Things don’t look very good for the splintered Alabama Democratic Party in our state. To say that the future of the party appears to be shaky is a pretty good assessment. Republicans hold every statewide elected office in Alabama and control all three branches of government, including both the Legislative and Judicial branches. There are a number of reasons for this total takeover. For one, it does take a an official poll to learn that President Obama is not very popular in Alabama. His being on the ballot had a negative influence in the 2010 legislative races, helping to elect a number of Republican candidates. The president’s unpopularity in the state has also contributed in some small degree to the current plight of the Alabama Democratic Party. Unfortunately, I don’t see the president’s approval ratings in the state changing very much over the next two years. But the party problems started in Alabama long before President Obama took office.
Democrats need to regroup, decide on both a short and large range strategy, and then move forward. That’s a necessity if things are going to get any better in Alabama. The party must be willing to stand up for ordinary folks and be sensitive to the real issues that affect them on a daily basis. That must happen very soon if the party expects to become a factor in statewide races in 2014.
The Republican Party, on the national level, has totally abandoned working men and women, as well as the elderly and minorities, and that has hurt the GOP in most parts of the country. Public employees, including school teachers, have been treated rather shabbily by the GOP. Ironically, many from each of the groups mentioned above have voted the GOP ticket in recent elections, which was against their own economic and social interests. I have never really understood why ordinary folks could be comfortable voting with right-wingers such as the Koch brothers. Nevertheless, it has certainly happened.
It might be helpful to briefly review the history of the Alabama Democratic Party over the past 75 years in order to put things in the proper perspective. It’s quite apparent, that historically Alabama has never really been a true two-party state. Back in the mid-1900s, there were few real Republicans in Alabama. During that era, the Democratic Party in Alabama was split between Dixiecrats and Loyalists, with the Loyalists being in the distinct minority. The George Wallace era, starting in 1962, pretty much widened that split. It was evident that Gov. Wallace felt no need for any real party affiliation. In fact, he ran successfully against both national parties for years.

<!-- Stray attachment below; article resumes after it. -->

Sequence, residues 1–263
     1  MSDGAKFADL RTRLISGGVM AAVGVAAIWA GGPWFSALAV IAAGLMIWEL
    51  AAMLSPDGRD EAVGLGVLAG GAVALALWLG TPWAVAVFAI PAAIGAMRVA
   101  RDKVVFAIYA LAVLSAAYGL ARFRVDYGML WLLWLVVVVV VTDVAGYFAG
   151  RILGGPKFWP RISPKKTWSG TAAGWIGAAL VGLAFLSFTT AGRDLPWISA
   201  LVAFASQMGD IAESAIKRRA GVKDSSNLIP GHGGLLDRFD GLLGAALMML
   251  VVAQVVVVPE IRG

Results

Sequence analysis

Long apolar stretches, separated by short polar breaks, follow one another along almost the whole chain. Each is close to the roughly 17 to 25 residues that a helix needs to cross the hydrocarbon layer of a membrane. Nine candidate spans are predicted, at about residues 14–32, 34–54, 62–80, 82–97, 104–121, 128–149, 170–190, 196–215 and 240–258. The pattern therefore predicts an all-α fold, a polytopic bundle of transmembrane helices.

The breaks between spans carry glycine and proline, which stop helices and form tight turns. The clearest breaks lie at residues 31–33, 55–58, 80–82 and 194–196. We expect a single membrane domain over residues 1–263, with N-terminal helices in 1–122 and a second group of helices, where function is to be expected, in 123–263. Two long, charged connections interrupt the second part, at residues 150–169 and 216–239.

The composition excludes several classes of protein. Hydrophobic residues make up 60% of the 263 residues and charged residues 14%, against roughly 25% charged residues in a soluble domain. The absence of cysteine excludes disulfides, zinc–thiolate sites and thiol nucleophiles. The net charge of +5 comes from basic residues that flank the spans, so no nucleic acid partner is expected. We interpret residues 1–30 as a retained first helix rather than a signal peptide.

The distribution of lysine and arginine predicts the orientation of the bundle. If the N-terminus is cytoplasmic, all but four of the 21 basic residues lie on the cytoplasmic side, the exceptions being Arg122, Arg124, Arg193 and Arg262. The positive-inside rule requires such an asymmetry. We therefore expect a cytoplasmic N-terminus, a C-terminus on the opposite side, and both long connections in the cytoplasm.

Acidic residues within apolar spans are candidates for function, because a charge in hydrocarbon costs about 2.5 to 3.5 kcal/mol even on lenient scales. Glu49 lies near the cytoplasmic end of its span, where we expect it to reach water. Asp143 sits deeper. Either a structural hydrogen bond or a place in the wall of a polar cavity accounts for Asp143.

In modern times, until 1964 the Republican Party was never a political factor in Alabama. Many attribute the Goldwater sweep that year in Alabama during the presidential race, which was really an anti-Lyndon Johnson vote, as giving birth to the present Republican Party in our state. There were two Republican governors, Guy Hunt and Fob James, elected between 1964 and 2002. But their wins were more the result of something “dumb” the Democrats did than their own efforts. In 2002, the political climate in Alabama really started to change when Bob Riley won a very close race, unseating Don Siegelman, the incumbent governor. Since that time, no Democratic candidate has even had a chance to be elected to the state’s highest office. In the 2010 election, for example, it was very clear from the outset that the candidate who survived the Republican primary would be elected governor.
I have been a Democrat all of my adult life and have no intention of abandoning the party. I will remain a Democrat so long as I have breath in me. But I have to face reality – and that reality is – the Alabama Democratic Party is in big-time trouble. I just hope that local Democratic candidates around the state won’t be hurt in the 2014 elections because of the current split in the party. The factions of the Democratic Party must come together, develop a strategy for growth and then start acting like Democrats again. If this doesn’t happen very soon, things will only get worse in our state. I believe we need two strong political parties in the state for the good of the people of Alabama. Perhaps, that will become a reality one of these days.
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